Major's gift horse looks down in the mouth

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JOHN MAJOR must know that this is not his year. His gift horse has developed a problem with its mouth.

Maksad, a birthday present from the President of Turkmenistan, faces an X-ray and a possible operation this week on what a vet has diagnosed as a 'mal-errupted incisor'. This trouble, minor in itself, adds another embarrassing twist to the story of a beast that has mocked the Prime Minister from a distance with inconvenience and inappropriateness, not to mention inspiring wordplays about stalking horses.

The four-year-old stallion, a rare Akhal-Teke, was given to Mr Major in March last year by President Saparmurat Niyazov, presumably on the assumption that a national leader appreciates a fine horse and knows what to do with it. Iran's president, Ali Akbar Hashemi Rafsanjani, proved the point in October: when given a similar horse, he immediately leapt on to its back in delight.

Mr Major, however, has nothing other than tenuous circus antecedents to link his first 50 years with horseflesh, and took several months even to get round to arranging collection of the animal. Although Maksad finally arrived in Britain in mid- January, Mr Major has yet to meet him, but according to Downing Street sources the Prime Minister is taking an interest in his progress, with a view to a photo-opportunity at some stage in the future.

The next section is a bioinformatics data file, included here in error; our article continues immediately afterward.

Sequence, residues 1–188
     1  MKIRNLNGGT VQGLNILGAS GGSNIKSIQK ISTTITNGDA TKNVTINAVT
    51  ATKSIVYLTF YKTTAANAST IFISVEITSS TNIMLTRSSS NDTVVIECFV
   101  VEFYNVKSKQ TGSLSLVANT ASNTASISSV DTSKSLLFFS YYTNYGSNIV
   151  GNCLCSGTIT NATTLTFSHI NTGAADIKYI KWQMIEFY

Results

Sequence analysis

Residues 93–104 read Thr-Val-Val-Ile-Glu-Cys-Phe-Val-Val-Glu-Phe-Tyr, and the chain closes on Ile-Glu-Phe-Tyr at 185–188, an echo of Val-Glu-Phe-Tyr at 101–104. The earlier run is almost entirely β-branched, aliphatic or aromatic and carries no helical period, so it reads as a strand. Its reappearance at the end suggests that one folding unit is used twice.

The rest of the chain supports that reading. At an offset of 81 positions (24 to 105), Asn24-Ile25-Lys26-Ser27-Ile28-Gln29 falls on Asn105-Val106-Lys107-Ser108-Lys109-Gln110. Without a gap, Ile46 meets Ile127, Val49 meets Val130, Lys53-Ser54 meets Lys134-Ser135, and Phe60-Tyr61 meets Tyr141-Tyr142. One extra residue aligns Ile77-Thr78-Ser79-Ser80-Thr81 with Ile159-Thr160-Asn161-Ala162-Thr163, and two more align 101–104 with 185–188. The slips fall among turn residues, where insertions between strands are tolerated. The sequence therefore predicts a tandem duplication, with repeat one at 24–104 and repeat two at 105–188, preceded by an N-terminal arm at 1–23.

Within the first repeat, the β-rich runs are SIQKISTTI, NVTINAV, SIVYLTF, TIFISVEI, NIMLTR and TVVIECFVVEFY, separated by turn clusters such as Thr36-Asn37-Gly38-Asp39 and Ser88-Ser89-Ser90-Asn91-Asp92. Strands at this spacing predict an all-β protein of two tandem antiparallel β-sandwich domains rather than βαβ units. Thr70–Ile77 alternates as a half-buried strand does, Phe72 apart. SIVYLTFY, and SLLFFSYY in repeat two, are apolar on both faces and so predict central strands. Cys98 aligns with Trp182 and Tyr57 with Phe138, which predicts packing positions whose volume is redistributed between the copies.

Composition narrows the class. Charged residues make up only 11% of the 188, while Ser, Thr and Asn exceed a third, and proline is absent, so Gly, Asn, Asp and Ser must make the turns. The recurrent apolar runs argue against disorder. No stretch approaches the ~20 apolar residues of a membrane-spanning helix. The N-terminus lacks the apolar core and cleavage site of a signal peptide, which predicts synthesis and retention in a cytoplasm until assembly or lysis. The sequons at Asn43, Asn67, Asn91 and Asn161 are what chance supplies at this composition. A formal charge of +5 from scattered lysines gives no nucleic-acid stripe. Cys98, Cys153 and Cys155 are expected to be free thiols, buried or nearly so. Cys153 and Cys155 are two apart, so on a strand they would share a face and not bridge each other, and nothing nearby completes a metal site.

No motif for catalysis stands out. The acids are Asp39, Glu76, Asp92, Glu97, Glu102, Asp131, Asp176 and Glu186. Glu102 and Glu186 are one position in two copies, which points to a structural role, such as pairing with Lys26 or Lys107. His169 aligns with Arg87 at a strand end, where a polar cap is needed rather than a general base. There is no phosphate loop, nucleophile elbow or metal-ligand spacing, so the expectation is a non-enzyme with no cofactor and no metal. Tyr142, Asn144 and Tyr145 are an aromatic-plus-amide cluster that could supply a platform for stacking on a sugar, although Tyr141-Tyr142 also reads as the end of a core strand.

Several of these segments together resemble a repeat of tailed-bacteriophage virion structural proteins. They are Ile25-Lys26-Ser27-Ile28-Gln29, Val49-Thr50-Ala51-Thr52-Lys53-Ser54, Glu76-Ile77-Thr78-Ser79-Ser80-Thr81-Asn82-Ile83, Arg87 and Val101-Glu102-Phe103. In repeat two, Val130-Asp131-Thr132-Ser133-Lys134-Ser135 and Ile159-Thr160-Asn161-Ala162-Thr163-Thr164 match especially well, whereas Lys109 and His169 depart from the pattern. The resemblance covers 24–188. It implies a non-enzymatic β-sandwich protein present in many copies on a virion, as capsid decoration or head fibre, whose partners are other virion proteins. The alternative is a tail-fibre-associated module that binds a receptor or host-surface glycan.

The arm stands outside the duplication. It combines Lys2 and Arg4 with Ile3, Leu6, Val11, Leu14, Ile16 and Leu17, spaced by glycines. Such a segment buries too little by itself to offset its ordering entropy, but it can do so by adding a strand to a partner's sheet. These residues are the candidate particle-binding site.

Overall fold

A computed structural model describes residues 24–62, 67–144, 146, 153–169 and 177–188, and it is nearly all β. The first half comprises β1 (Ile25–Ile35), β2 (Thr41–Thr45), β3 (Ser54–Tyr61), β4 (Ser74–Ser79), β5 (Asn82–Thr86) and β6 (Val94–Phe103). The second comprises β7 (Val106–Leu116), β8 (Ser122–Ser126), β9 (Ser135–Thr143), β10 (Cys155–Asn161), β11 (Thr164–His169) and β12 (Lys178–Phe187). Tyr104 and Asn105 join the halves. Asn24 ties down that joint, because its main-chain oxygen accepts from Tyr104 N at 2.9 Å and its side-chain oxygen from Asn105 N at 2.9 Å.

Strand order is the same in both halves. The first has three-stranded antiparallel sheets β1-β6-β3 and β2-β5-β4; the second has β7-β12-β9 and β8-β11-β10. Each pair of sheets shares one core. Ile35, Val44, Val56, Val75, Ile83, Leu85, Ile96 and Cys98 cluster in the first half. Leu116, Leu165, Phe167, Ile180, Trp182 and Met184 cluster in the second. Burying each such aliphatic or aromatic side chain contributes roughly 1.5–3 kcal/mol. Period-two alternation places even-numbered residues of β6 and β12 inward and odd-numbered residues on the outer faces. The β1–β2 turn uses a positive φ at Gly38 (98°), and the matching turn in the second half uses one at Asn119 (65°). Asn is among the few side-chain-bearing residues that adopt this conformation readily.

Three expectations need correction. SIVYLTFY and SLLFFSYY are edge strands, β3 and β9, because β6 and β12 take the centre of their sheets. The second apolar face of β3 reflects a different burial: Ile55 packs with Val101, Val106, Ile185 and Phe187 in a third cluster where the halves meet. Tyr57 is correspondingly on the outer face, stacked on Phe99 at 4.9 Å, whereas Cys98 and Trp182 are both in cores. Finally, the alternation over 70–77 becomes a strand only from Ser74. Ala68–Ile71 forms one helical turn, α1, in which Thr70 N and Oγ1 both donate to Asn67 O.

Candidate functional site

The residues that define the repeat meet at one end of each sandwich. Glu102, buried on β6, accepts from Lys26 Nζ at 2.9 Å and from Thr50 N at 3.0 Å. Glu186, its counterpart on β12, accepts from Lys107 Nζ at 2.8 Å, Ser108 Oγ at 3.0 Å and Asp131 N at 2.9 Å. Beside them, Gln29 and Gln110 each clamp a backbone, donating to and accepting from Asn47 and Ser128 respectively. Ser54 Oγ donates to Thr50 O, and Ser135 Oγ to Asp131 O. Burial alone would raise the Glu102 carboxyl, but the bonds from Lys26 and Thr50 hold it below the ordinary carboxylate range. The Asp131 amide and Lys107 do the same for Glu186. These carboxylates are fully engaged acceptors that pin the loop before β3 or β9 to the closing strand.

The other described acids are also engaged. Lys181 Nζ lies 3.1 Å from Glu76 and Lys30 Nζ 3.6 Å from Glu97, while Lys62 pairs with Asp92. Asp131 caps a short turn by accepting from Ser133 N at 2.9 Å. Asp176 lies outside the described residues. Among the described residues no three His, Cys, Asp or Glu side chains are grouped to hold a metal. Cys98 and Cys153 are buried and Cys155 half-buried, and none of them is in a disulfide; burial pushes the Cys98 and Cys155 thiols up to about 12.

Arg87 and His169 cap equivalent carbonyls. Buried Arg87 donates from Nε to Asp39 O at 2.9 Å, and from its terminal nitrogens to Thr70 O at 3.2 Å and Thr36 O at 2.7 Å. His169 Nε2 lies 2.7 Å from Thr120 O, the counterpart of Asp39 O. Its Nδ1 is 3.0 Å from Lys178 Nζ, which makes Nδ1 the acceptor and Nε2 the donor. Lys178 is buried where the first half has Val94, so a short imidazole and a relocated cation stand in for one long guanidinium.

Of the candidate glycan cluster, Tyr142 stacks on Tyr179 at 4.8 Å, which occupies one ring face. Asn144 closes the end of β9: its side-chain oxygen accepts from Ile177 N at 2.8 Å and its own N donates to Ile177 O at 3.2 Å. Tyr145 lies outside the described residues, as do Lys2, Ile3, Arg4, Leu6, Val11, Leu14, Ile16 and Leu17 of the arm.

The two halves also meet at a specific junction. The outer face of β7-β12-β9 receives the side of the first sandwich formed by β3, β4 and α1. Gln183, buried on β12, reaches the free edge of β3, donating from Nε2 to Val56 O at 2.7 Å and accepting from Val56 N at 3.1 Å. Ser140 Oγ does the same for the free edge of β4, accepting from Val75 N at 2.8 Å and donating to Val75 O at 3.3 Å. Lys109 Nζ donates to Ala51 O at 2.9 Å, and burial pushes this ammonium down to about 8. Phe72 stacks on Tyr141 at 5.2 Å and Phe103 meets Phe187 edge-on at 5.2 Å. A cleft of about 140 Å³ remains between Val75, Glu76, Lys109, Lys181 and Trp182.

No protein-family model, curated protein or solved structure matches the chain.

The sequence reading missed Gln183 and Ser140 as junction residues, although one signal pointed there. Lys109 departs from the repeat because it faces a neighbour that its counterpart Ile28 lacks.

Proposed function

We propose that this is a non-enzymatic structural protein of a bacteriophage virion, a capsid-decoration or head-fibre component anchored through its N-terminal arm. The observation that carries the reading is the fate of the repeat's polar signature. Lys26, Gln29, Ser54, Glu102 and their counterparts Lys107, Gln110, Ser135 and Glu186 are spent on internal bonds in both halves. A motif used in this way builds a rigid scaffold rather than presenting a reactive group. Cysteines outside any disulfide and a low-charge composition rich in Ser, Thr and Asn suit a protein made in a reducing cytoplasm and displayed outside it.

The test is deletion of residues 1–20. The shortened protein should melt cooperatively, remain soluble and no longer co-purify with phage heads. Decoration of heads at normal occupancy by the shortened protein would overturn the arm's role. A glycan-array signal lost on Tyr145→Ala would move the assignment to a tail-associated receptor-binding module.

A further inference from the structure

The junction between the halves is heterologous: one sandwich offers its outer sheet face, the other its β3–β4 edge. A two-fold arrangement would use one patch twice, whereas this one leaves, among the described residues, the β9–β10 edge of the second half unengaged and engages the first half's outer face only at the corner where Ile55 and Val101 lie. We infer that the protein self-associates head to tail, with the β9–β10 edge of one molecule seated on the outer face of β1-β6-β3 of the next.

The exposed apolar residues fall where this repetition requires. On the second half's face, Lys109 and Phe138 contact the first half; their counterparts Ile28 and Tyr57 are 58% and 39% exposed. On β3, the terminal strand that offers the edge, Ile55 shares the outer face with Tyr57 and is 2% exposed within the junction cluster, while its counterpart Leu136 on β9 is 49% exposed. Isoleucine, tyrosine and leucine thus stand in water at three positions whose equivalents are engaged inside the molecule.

The care of Maksad has been entrusted to the Household Cavalry, which has billeted him with the Ministry of Defence Animal Centre in Melton Mowbray, Leicestershire, where the Princess Royal has visited him.

The Prime Minister's office insists Meksad will serve a 'useful working life' with the Household Cavalry, but exactly how useful remains unclear.

The principal virtue of Akhal-Tekes is their ability to cover thousands of miles quickly on very little food and water: not strictly relevant to ceremonial duties in London. Col Paul Jepson, Commandant at Melton Mowbray, said it was not for him to speculate on Maksad's future role, but confessed: 'You would be right in thinking he doesn't have any military potential as such. He's the wrong colour, he's the wrong size, he's the wrong sort of horse.'